• “It’s all about self-interest in most cases,” explained University of Virginia political scientist Larry Sabato. “NY-23 has become a powerful symbol for the right, and any candidate who is trying to stay out is finding neutrality to be as difficult as nation-states did in World War II.”


    Sabato compared the party’s backlash to its own nominee to the early 1990s response to David Duke’s runs, when Republicans in Louisiana and nationally turned their back on the white supremacist.


    “This is the most remarkable aspect of the entire contest,” Sabato said. “There is a national footrace by elected Republican officials and candidates to abandon the official GOP congressional nominee.”


    “Everyone is trying to use their endorsements for political purposes,” added Carl Forti, a veteran GOP operative who has upstate New York ties. “It’s like, wh
    Anonymous

    Answer by Anonymous at 4:11 PM on Oct. 31, 2009

  • I don't care about the GOP. Haven't for many many years now. Btw~I support Hoffman.
    grlygrlz2

    Answer by grlygrlz2 at 4:18 PM on Oct. 31, 2009

  • I don't care... They can change their minds all they want. Hoffman is the better choice imo.
    Crissy1213

    Answer by Crissy1213 at 5:06 PM on Oct. 31, 2009

  • I agree Hoffman is the best man for position.
    WhoCares224

    Answer by WhoCares224 at 9:00 PM on Oct. 31, 2009

  • It means that don't have any conviction behind what they say. At least not the ones quoted here.


    As with every other politician, they will jump on whatever bandwagon they think will WIN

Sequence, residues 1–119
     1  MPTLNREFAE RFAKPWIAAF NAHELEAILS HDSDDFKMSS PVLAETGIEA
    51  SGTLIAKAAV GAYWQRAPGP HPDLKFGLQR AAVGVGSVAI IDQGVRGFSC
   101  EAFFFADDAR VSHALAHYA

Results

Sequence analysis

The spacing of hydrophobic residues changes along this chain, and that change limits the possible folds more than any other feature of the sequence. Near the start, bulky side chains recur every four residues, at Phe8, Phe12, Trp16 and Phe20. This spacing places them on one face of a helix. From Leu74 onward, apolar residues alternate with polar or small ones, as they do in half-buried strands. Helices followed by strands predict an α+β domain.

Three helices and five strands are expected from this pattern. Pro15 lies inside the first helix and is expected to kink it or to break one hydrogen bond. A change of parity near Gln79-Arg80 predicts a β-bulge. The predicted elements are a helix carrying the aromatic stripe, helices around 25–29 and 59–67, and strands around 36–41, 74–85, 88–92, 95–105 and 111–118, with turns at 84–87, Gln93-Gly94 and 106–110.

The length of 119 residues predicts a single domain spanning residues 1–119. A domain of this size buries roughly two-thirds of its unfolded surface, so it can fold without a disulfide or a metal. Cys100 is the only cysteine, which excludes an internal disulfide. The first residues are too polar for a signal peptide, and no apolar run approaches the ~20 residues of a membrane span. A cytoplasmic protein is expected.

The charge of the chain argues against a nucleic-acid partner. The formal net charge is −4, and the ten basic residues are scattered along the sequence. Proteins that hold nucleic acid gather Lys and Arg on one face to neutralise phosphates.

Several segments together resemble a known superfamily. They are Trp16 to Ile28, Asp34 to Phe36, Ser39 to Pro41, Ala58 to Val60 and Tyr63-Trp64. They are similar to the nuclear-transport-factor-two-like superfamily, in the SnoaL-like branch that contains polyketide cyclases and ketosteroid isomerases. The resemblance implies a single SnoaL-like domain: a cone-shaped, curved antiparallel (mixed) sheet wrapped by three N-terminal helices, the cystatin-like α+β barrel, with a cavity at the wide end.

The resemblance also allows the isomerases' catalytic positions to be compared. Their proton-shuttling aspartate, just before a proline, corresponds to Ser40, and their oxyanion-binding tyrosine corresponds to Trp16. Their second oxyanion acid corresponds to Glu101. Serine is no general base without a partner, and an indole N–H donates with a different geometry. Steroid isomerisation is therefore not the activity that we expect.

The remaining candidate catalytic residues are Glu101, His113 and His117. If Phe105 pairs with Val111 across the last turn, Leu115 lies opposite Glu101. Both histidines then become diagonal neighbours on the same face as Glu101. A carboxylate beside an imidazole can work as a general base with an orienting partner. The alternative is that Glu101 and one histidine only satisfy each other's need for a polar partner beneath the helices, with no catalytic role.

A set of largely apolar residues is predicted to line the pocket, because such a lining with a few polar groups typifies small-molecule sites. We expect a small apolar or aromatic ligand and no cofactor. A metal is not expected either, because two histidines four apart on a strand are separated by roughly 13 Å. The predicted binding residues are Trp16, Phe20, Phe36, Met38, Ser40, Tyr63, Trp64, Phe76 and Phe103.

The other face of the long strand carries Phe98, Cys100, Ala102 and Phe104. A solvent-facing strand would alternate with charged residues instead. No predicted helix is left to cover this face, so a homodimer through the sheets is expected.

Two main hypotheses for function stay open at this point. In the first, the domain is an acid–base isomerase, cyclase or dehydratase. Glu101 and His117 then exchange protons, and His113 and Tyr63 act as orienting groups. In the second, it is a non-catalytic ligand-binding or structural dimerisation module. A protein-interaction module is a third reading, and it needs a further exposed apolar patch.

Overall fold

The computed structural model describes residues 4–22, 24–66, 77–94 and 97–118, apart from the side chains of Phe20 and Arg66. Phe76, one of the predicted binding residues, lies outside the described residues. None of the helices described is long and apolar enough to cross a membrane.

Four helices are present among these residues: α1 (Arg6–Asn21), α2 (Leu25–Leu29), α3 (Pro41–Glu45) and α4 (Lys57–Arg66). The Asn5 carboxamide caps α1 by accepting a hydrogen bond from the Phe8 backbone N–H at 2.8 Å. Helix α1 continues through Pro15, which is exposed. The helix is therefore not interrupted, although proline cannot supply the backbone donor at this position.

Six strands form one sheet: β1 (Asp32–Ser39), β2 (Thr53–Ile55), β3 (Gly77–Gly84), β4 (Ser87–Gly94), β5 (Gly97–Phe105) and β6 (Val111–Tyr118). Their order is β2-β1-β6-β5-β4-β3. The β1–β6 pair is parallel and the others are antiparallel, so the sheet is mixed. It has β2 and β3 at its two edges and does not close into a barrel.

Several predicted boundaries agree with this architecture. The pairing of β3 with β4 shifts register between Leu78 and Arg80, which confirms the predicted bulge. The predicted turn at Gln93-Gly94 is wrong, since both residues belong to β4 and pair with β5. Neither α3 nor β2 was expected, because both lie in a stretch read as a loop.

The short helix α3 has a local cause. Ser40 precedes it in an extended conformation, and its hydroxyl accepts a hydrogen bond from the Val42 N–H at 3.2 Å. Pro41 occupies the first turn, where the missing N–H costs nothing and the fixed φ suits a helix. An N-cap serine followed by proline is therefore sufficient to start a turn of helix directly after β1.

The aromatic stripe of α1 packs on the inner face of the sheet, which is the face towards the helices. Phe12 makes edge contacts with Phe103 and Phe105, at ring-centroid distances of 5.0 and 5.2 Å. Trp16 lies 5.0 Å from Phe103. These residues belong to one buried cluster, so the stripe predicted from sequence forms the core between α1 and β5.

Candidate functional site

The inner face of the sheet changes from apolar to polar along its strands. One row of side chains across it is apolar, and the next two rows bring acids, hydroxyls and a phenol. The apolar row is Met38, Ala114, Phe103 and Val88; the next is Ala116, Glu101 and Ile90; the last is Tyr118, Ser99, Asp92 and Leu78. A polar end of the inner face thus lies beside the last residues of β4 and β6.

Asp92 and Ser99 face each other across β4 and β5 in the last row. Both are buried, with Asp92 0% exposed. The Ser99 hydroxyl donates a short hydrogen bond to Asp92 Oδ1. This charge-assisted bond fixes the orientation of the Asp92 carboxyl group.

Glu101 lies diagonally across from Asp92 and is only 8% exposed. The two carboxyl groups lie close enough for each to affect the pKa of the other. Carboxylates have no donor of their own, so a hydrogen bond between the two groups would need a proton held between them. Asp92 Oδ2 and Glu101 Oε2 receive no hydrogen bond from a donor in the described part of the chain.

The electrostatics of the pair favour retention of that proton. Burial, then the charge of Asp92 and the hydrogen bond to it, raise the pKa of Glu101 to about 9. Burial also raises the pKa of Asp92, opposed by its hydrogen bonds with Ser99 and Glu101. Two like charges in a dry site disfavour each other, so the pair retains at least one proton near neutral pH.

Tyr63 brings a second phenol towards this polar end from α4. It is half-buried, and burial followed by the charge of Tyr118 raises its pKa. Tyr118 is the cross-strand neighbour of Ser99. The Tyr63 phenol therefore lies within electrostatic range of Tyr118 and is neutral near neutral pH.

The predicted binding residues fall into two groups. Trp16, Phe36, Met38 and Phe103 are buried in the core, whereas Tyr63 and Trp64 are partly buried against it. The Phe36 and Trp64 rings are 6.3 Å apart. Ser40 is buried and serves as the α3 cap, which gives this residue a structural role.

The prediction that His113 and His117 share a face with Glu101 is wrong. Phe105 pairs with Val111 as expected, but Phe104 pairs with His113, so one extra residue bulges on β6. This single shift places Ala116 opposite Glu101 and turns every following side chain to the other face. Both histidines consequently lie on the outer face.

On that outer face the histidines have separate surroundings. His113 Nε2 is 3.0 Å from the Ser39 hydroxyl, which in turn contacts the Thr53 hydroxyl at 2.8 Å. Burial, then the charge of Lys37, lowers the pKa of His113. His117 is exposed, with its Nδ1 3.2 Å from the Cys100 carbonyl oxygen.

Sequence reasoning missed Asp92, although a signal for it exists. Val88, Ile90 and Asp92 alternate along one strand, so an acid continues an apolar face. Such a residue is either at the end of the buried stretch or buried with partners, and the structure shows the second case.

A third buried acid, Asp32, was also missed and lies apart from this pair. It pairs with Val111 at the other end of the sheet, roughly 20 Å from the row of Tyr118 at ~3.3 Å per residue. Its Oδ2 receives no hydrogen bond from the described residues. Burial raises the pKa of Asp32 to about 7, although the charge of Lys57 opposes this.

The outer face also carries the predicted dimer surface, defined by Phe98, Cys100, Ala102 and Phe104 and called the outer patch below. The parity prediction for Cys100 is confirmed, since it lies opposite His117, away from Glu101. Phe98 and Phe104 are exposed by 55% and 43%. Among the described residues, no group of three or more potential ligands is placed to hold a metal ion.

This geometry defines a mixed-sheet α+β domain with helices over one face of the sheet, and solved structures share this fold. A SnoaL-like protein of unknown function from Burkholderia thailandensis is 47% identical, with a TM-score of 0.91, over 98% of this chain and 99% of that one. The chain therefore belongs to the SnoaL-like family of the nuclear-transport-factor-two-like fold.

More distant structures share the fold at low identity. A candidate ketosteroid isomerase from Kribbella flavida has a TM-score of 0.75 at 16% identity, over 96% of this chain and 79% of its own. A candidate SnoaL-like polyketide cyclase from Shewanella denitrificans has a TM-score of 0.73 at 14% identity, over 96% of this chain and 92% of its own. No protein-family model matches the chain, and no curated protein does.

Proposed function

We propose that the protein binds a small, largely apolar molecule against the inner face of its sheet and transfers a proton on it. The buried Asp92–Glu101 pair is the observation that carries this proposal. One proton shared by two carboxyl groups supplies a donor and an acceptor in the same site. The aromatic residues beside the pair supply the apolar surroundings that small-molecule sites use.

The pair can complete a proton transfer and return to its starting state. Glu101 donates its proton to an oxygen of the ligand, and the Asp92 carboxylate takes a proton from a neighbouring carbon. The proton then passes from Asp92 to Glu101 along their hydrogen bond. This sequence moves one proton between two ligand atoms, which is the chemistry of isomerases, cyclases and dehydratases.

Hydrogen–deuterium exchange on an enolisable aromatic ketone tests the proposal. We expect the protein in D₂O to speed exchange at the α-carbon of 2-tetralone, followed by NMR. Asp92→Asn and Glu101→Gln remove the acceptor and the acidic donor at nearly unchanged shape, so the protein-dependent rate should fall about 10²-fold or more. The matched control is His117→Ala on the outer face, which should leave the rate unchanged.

sweet-a-kins

    Answer by sweet-a-kins at 9:56 PM on Oct. 31, 2009


  • For the GOP as a whole...I think they've been getting the message loud and clear all year:

    "Get back to your conservative roots, or we will replace you with people who are."


    --- In my own state we have a congressman who beat out an incumbent in the Republican primary (which almost never happens) because the new guy was a true conservative and the incumbent was a RINO.
    Anonymous

    Answer by Anonymous at 10:40 PM on Oct. 31, 2009

  • Well, after the candidate he was backing dropped out, he shifted his support to one of the remaining two candidates. He chose the conservative. It happened in the presidential race. As candidates dropped out, the support moved to another candidate. Hillary told her backers to back BO. Nothing new, nothings strange and not a real big deal.
    jesse123456

    Answer by jesse123456 at 8:18 AM on Nov. 1, 2009

  • Thats what you are supposed to do. Well, what you should do anyway. It doesn't really mean anything except that they know they can't really back the other guy.
    Thats what happens when we are electing President or any other politician. Kinda like taking one for the team. These Republicans need to know that we are standing firm, those of us who prefer a real conservative to a Rhino. I have already written several who backed her to show my disappointment. I hope others are also.
    itsmesteph11

    Answer by itsmesteph11 at 7:18 PM on Nov. 1, 2009